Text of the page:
Original Editor - Lucinda hampton
Introduction[edit | edit source]
Nystagmus refers to rapid, involuntary movements that may cause one or both eyes to move from side to side, up and down, or rotate. The nystagmus may be defined by the type of movement observed:
- Jerk nystagmus: a slow beat in one direction and a fast beat in the other
- Pendular nystagmus: the same speed and amplitude in both directions
- Rotary nystagmus: rotational beat on the Z-Axis
Etiology[edit | edit source]
There are three categories of etiology of nystagmus:
- Physiological nystagmus, which includes optokinetic, vestibular, and end-point nystagmus, occurs naturally to maintain a clear and steady image of the environment
- Optokinetic nystagmus: a normal reflex that involuntarily occurs with looking at a repetitive moving pattern such as a moving field or trees. It entails a smooth pursuit to track an object and a saccadic jump to the next object repetitively and therefore is a jerk nystagmus
- Vestibular nystagmus: a normal reflex during self-rotation with or without visual input as the inner ear detects motion
- End-point nystagmus: a normal small amplitude jerk nystagmus with end range eccentric gaze
- Infantile nystagmus usually develops by three months of age and the most common types include congenital and manifest latent nystagmus. It is characterized by a horizontal movement and has correlations with conditions such as albinism, congenital iris absence, underdeveloped optic nerves, or congenital cataracts.
- Congenital nystagmus often lessens with convergence or certain angles of gaze which may be used for future interventions
- Although there are theories, there are no definitive reasons proven for why infantile nystagmus occurs 
- Acquired nystagmus may develop later in life and entails a disturbance to any portions of the mechanisms controlling gaze stabilization such as:
- Visual system - diseases of this system may lead to nystagmus due to the loss of visual fixation
- Vestibular organ - diseases or dysfunction of this system leads to an imbalance causing mixed horizontal-torsional nystagmus, commonly associated with vertigo
- Central connections - diseases of the central nervous system and its connections to the vestibular system may cause up or down-beat, torsional, periodic alternating, and/or see-saw nystagmus.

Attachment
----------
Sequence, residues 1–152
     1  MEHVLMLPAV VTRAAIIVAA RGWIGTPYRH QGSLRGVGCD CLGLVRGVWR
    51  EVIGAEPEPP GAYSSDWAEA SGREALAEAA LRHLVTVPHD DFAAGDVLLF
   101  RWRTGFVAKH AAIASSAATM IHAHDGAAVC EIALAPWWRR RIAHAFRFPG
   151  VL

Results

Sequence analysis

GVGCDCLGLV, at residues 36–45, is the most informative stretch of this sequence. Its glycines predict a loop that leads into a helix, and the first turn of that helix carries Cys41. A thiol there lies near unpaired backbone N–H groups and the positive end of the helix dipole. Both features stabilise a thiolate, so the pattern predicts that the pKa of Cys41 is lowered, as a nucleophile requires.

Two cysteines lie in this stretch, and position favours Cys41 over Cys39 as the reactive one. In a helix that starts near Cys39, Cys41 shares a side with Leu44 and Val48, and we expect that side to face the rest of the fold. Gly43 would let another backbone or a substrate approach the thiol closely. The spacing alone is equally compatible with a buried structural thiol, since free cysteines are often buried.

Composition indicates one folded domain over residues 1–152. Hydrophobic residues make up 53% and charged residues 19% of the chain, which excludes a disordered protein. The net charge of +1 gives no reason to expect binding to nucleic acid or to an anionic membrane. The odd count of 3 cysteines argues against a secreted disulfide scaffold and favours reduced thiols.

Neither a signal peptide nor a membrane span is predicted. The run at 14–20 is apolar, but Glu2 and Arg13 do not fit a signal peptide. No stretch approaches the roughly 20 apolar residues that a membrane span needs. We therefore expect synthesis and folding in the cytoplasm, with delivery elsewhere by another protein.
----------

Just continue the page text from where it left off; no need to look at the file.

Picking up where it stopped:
- Side effects of drugs (sedatives, alcohol, anticonvulsants) may also produce gaze-evoked nystagmus
Clinical Presentation[edit | edit source]
Symptoms and complaints may include:
- Blurred or jumpy vision - complaints of difficulty with reading or watching television
- Oscillopsia: the illusory sensation the stationary visual world is moving 
- Oscillopsia with head movement is indicative of abnormal vestibuloocular reflex (VOR)
- Vertigo: a type of dizziness that is often described as feeling that you are spinning or that the world is spinning around you 
- Loss of balance
- Abnormal head posture -Some people find that their eye movements reduce in certain positions, and they may move their head to maintain this position. This can result in neck and shoulder problems.
Diagnosis[edit | edit source]
- When nystagmus is a new symptom and occurs with new dizziness or vertigo, th
- When nystagmus is a new symptom and occurs with new dizziness or vertigo, the patient should get prompt medical attention.
- People experiencing pendular nystagmus for the first time should see a neurologist or neuro-ophthalmologist. Although it is not typically an emergency, pendular nystagmus should be assessed promptly.
- Depending on associated symptoms, the medical practitioner may:
- The type and direction of the nystagmus may be indicative of the cause and help to diagnose individuals
Treatment[edit | edit source]
|Other Conservative Treatment||
References[edit | edit source]
- Abadi RV. Mechanisms underlying nystagmus. J R Soc Med. 2002;95(5):231-4.
- Vision rehab OT The Functional Effects of Nystagmus Available:https://visionrehabot.com/the-functional-effects-of-nystagmus/ (accessed 5.9.2021)
- Sekhon RK, Deibel JP. Nystagmus Types.2019 Available:https://www.statpearls.com/articlelibrary/viewarticle/43058/ (accessed 5.9.2021)
- Health Direct Vertigo Available:https://www.healthdirect.gov.au/vertigo (accessed 15.11.2023)
- Vision Australia Nystagmus Available:https://www.visionaustralia.org/information/eye-conditions/nystagmus (accessed 5.9.2021)
- Contact Lens King. Nystagmus Eyes Explained | Involuntary Repetitive Eye Movement. Available from: https://www.youtube.com/watch?v=CgaKef1cnTw [last accessed 28/11/2023]
- Stahl JS, Plant GT, Leigh RJ. Medical treatment of nystagmus and its visual consequences. J R Soc Med. 2002;95:235-237.